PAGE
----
The Stamp Of A Filmmaker In Africa

The Stamp Of A Filmmaker In Africa

It's an industry most people never get to see in action but brings millions of dollars into Africa each year. Movies are fast becoming big business with the value of the rand making it even more attractive. American producer Dexter Davis is here to find African talent and turn them into Hollywood stars. By Jay Caboz

Every day, there is a small corner of Africa that is Hollywood. The economy of South Africa may be struggling, but its movie industry is on the up. This is because the weakness of the rand is making production costs cheaper to shoot big budget films.

A string of blockbusters were made here: The Dark Tower; Avengers: Age of Ultron;Maze Runner: The Death Cure; and Tomb Raider, all made amid Africa's rolling scenery, state-of-the-art studios and by skilled homegrown technicians. It could be so beautiful except...

"[The] trouble is international producers are not casting African talent in their films, so African and South African actors are not participating or benefiting from the exchange... It's high time for South African talent and stories to get out of the shadow of their American and European counterparts."

So says Dexter Davis, American-born producer and founder of D Street Media Group, who has produced a number of movies in South Africa. He believes Cape Town could be the training ground for a new generation of homegrown stars, destined for Hollywood, in the footsteps of Lupita Nyong'o and Charlize Theron.

"I call South Africa the new frontier, especially when it comes to an abundance of under-saturated talent. Being so geographically far from the US, the world has not been exposed to the level of amazing South African talent that I have. There are many more Charlize Therons, Dave Matthews, Pearl Thusis out there waiting to be discovered," says Davis.

Davis is here with his latest film The Blue Mauritius. The movie, which echoes Ocean's Eleven and The Italian Job, is about five international thieves who meet in Cape Town planning to steal one of the most valuable stamps in the world, believed to be worth $11 million.

"The idea for the film came from me actually... I was living in Berlin to set up our German subsidiary of D Street. One day I met with my accountant and he mentioned he was going to The Museum for Communication in Berlin after our meeting to see a famous stamp called the Blue Mauritius. He talked about the history and mystery behind the stamp and because I had been thinking about one day producing a heist film, I immediately went home to research the stamp."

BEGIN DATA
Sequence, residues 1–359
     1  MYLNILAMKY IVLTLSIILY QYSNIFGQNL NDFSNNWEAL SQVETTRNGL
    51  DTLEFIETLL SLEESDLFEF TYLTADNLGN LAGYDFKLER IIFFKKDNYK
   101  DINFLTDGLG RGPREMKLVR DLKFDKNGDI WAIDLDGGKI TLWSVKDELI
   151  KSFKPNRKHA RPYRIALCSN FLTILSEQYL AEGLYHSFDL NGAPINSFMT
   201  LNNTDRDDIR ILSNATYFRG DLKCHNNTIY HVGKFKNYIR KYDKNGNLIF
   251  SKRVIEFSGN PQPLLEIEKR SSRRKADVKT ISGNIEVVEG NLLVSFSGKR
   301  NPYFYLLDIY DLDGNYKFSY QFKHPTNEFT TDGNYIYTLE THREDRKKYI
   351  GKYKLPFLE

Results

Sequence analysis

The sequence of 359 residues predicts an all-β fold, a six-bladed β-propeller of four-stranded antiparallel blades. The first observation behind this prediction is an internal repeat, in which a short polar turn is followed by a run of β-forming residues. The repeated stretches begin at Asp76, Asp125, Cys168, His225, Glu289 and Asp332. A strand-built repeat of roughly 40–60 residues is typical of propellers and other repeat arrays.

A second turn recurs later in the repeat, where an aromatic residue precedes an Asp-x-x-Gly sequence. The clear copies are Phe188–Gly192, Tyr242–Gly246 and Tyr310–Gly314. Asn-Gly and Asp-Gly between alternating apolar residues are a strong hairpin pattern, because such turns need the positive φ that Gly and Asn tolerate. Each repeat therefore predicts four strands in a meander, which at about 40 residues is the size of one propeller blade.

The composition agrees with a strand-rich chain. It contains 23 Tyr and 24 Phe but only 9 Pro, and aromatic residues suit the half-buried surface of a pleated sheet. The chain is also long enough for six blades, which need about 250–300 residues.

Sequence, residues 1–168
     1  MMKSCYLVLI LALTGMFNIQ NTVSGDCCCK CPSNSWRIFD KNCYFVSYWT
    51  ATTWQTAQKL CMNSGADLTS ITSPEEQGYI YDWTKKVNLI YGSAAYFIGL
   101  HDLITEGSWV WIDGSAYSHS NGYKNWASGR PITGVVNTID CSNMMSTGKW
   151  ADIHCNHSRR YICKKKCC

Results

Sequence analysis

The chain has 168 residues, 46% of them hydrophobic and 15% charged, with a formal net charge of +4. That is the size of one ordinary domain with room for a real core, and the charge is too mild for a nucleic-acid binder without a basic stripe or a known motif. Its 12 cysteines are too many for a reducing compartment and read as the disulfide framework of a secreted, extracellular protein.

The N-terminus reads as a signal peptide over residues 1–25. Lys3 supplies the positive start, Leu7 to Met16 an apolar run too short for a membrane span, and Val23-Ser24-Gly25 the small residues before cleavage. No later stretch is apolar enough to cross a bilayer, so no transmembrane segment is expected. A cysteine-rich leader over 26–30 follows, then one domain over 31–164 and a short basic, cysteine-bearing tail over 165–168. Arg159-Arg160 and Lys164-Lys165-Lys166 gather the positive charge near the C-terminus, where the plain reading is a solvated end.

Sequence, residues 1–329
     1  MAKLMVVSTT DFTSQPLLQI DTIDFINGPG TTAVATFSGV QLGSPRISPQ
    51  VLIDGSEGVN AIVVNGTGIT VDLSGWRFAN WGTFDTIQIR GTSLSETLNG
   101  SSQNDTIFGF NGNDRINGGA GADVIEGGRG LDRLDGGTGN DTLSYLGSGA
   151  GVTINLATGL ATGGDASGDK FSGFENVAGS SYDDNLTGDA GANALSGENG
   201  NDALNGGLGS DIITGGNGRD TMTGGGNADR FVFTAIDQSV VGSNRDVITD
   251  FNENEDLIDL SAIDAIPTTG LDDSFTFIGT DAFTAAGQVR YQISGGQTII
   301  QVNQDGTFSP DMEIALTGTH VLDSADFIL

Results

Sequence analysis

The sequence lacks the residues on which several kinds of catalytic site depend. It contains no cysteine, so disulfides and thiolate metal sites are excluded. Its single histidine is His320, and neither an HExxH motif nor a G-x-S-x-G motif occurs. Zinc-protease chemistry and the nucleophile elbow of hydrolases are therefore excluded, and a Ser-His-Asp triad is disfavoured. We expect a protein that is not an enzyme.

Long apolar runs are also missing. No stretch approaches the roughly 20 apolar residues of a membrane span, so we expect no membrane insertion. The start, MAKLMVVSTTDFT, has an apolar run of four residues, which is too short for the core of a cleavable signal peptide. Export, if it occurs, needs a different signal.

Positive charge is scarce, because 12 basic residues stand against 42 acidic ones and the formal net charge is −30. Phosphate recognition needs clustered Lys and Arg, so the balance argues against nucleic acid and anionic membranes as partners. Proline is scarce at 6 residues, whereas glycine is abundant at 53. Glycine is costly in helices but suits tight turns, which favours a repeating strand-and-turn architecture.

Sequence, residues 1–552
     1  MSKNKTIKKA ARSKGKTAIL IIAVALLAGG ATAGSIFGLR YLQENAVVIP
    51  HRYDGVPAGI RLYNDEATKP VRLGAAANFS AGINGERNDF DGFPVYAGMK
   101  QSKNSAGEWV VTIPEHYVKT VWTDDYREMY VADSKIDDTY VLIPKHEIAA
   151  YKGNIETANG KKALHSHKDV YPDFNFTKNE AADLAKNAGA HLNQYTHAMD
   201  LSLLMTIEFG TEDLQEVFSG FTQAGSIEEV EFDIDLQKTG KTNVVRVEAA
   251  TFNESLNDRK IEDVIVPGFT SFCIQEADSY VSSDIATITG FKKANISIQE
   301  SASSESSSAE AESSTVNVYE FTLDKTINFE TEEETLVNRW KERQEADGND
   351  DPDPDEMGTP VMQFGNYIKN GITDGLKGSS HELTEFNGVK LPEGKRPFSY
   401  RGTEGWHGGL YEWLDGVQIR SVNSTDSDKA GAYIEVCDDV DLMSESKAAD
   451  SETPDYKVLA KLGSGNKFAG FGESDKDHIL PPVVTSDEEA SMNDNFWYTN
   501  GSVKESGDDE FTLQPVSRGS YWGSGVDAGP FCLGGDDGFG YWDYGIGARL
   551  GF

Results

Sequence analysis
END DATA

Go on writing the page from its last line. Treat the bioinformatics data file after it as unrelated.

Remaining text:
The location was to be Canada, Davis switched to Africa because it offered more bang for his buck.

"I met a couple of South African producers in Cannes in 2015 who wanted to work with me and vice versa. We were planning to shoot The Blue Mauritius in Canada, but the budget was too high. They suggested shooting the film in South Africa as it would be less expensive. I was thrilled with the idea and thought not only would we shoot the film there, but I would change the script to be very South African in terms of the story," says Davis.

"The story could take place in any big city with a skyline, museums, chic hotels and restaurants. Cape Town definitely has all that. The beauty of Cape Town is really one of the stars in the film and I can't wait for the world to see it through our lens."

Every movie has its fair share of glitches; The Blue Mauritius also has its low watermark. Filming was set for August, but was pushed until 2018 when lead actor Eric Dane, 'McSteamy' from Grey's Anatomy, withdrew because of depression.

"I can talk about it openly because he was very public about it. He took time off to get better so that obviously affected our production. We're recasting now and looking at March 2018 as our new start date."

Back on track with its California-based production partner, Benaroya Pictures, the film has a new member of the cast - Anthony Mackie, the American superstar from the The Hurt Locker as well as Captain America and Avengers.

"Anthony Mackie, who I consider a real movie star, brings such a fresh perspective to the cast and the character, he's an incredibly talented, versatile actor who truly takes the project to the next level."

The Blue Mauritius will test D Street's promise to identify stars in Africa. The producers cast South African actors Deon Lotz, Pearl Thusi and Nicola Breytenbach in principal roles, alongside international stars John Rhys-Davies, Gerard Depardieu and Thomas Kretschmann.

"Think about Kenyan actress Lupita Nyong'o in Twelve Years a Slave No one knew who she was before the movie, but by being in a film with Brad Pitt, Michael Fassbender and Chiwetel Ejiofor, she not only got the attention of the Academy voters which ultimately lead to the Oscar, but that film alone catapulted her to instant stardom," says Davis.